Week 35: Peak Week #2

After ~17 hours of training while suffering from a 2-day migraine, squeezing in a 2-day business trip to Kansas City in a tiny plane, and managing sudden knee pain, I can honestly say this was one of the hardest weeks to date. But I survived to blog about it…

Strava_Weekly_PeakWeek2
Training log output

Long Bike Ride — Cut a Little Short

Well, Saturday was supposed to be a peak bike ride of 125 miles but it ended up being ~95 in total. Which is completely fine and I’m not stressed about it whatsoever since I’ve done several 100-milers this summer and even rode 129 miles at Death Ride. I’m confident in my cycling training to date and it was the right call to stop short (more below on what happened).

I set out with Michael to do a loop from SF down the coast to Pescadero and loop back via Canada Rd. I had never done this route before but it was unbelievably gorgeous along the coast. We had a perfect day with warm weather and sunny skies. I loved every second! And it was so nice to get a change of scenery from the same ol’ Marin loop.

There’s a really awesome new section along the coast called the Devil’s Slide Trail and it’s 1.3 miles of pure joy. It’s a downhill multi-use path along the Pacific Coast. No cars. Not many people. Just adrenaline and happiness!

At the "Devil's Slide"
At the “Devil’s Slide”

After the Devil’s Slide we continued down the coast, chatted with some bike tour people, went by a sweet pumpkin patch, and eventually made it to Pescadero for a quick pit stop to check the Michigan football score and refuel. I dare you to find a cuter town than Pescadero.

Beautiful bike ride along the coast, rocking my Smashfest Queen kit.
Beautiful bike ride along the coast, rocking my Smashfest Queen kit.

After ocean views we turned inland into the woods and started climbing. And kept climbing. And climbed some more. It wasn’t particularly steep, but pretty darn long. I kept a steady pace but kept thinking that “the top must be around the next corner!”

Towards the top of the hill I told Michael that my left knee was starting to hurt, but that it was fine and I’m sure it’ll go away soon. He insisted we stop to stretch it out (thank you!!) which really felt nice and helped (for a short while). I stretched my IT band, quads, hamstrings, everything.

I got back on the bike and after a few minutes the pain was back with a vengeance. Uh oh. I knew my day was over. Michael was awesome and we took a long break, stopped for sandwiches, then made our way to the Palo Alto Caltrain station to take the train back to the city. I’m so glad he knew exactly where to go and came up with a great back-up plan to our planned 125 miler. There was no way I would’ve been able to make it back to SF on my bike.

After Caltrain all I had to do was ride my bike ~8 more miles back home, for a total of 93 miles for the day. Not bad considering the circumstances, and still an epic ride along the coast.

A couple days later I went to see bike fit extraordinaire, Pedro Dungo, and he helped get the knot out of my knee (SO PAINFUL) and adjust my bike seat to a better height that will put less strain on my knee. Thanks Pedro!! So with a little more icing, stretching, and massage, I think my knee will be fine. It doesn’t hurt when I walk or run, only when I’m on the bike. So we’ll see! Again, not terribly stressed out about it anymore.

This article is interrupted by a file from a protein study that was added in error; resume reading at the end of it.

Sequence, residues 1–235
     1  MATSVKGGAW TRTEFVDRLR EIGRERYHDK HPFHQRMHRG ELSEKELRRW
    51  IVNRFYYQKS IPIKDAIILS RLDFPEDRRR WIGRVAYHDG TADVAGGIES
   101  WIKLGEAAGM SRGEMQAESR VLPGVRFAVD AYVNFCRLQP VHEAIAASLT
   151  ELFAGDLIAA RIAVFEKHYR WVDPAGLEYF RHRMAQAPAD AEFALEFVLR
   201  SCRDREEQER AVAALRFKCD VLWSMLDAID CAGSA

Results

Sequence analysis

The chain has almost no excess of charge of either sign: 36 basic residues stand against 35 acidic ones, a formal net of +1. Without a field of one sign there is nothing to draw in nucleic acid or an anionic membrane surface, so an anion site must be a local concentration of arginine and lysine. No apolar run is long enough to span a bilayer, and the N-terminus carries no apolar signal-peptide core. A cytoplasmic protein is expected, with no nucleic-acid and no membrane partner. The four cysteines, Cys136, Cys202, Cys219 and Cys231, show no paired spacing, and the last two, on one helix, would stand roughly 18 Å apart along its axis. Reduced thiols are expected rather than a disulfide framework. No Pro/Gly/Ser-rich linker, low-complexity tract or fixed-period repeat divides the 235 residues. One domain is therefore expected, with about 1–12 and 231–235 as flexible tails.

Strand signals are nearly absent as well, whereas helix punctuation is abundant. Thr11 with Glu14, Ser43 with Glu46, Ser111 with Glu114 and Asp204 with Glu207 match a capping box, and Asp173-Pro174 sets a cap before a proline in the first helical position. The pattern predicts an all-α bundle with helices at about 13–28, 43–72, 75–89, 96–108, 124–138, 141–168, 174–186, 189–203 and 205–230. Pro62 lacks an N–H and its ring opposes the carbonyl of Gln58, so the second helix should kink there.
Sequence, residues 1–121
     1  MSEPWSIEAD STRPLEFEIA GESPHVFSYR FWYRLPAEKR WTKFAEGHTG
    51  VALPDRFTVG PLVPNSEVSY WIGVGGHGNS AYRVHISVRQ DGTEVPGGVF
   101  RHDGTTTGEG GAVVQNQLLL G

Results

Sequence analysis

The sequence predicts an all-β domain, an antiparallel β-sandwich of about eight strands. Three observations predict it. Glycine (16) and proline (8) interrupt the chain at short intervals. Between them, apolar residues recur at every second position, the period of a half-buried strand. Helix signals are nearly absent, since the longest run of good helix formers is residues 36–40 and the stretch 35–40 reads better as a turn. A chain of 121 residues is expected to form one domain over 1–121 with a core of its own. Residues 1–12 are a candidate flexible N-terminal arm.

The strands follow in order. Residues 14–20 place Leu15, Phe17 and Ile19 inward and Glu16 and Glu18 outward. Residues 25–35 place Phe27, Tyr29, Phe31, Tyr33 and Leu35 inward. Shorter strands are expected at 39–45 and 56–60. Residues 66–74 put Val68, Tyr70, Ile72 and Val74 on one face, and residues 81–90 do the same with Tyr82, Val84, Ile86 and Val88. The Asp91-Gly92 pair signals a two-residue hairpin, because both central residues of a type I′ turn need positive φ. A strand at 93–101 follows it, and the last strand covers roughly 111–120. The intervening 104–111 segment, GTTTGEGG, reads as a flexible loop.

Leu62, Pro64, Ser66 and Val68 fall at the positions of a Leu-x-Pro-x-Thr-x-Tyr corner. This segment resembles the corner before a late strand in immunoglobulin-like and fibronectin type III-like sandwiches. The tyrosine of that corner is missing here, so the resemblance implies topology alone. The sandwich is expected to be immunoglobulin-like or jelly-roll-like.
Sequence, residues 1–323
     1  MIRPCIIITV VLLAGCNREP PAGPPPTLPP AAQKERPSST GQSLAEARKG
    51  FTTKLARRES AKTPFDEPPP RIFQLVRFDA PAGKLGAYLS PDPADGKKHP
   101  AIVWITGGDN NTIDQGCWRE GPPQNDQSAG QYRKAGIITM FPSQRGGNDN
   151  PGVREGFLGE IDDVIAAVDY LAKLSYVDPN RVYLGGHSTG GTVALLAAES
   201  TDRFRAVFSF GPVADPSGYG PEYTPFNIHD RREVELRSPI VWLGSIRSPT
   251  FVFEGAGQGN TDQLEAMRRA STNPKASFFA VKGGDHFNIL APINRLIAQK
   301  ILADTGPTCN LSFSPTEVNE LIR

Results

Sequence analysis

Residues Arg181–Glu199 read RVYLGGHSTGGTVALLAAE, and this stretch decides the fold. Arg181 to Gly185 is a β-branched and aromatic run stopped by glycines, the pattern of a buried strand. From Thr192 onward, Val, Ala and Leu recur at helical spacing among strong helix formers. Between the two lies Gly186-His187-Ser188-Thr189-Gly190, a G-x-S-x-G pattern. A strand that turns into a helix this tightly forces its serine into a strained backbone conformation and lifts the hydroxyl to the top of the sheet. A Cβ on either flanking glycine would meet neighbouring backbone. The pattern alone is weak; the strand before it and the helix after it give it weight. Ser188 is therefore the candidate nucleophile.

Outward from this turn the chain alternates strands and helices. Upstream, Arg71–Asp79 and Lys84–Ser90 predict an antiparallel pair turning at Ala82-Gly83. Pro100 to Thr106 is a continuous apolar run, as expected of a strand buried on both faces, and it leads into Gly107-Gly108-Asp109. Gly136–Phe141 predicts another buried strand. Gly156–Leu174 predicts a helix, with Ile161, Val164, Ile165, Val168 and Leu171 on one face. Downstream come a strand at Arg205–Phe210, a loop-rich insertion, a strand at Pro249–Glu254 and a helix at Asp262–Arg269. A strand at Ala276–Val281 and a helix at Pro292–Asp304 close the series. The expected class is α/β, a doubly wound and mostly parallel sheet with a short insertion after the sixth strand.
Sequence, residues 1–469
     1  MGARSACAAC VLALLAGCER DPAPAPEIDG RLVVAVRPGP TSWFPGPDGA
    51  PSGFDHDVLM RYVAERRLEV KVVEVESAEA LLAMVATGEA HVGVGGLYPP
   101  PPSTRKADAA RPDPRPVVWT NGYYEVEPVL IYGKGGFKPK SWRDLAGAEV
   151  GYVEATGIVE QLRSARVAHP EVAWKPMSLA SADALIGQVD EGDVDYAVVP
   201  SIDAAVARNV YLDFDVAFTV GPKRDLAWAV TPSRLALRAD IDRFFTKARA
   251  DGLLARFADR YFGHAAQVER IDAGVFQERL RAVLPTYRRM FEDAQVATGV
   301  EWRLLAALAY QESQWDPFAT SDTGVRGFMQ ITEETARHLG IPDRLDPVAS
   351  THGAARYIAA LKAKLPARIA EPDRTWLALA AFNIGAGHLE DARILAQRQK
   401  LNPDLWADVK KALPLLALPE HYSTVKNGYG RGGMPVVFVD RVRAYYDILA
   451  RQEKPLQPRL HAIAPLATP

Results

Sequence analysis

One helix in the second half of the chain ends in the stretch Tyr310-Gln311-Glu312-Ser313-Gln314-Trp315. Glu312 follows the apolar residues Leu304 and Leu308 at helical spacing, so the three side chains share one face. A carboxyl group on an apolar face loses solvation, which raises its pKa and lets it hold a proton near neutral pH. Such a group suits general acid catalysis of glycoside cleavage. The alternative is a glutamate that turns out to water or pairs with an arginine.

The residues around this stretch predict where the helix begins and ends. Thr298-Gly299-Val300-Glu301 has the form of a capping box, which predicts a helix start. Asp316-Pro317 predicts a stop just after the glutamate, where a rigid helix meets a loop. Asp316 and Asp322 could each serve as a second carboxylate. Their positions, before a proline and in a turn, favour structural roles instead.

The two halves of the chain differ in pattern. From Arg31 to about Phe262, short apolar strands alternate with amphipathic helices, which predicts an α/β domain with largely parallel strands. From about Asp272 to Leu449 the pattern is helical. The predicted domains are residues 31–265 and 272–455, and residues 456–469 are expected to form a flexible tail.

Strava Output
Strava Output

20 Mile “Adventure” Run to Tiburon

On Sunday I had a 20 mile run on my training calendar so thought it would be “fun” to try and run from SF to Tiburon and take the ferry home.

I got up early and was out the door by 7:00am. It was so nice to be on the Golden Gate bridge and in Sausalito without crowds or traffic! Loved it.

I call this an “adventure” run because it wasn’t exactly a continuous 20 miles without stopping. There were a lot of hills, stop lights, and odd terrain to navigate that I felt like I always had to be “on” and thinking about what’s next. It was more of an adventure and just tried to get to that 20 mile mark!

I’m not sure I would do this route again, mostly because the downhill to Sausalito is on a slanted road and it was really tough on my legs (I ended up walking most of it) and also Blithedale Ave is a tough road to run on (tons of cyclists and no sidewalk, and busy 101 entrances). Maybe I just need to find a better route, but it got a little frustrating around that area.

My legs were pretty dead starting at around mile 4. I’m actually happy that it was a tough run because I won’t exactly feel fresh during Ironman! I kept telling myself “10 miles until taper time” and “earn your rest day!”

I made it to the Tiburon ferry but had only run 17.7 miles. Ugh. The worst feeling is thinking you’re done but then scrambling to come up with random out-and-backs to get the mileage in. Those last couple miles were really really really tough. I definitely had to dig deep.

Overall my average pace was 9:51 min/mile which is slower than usual but to be expected based on the hills and muscle fatigue.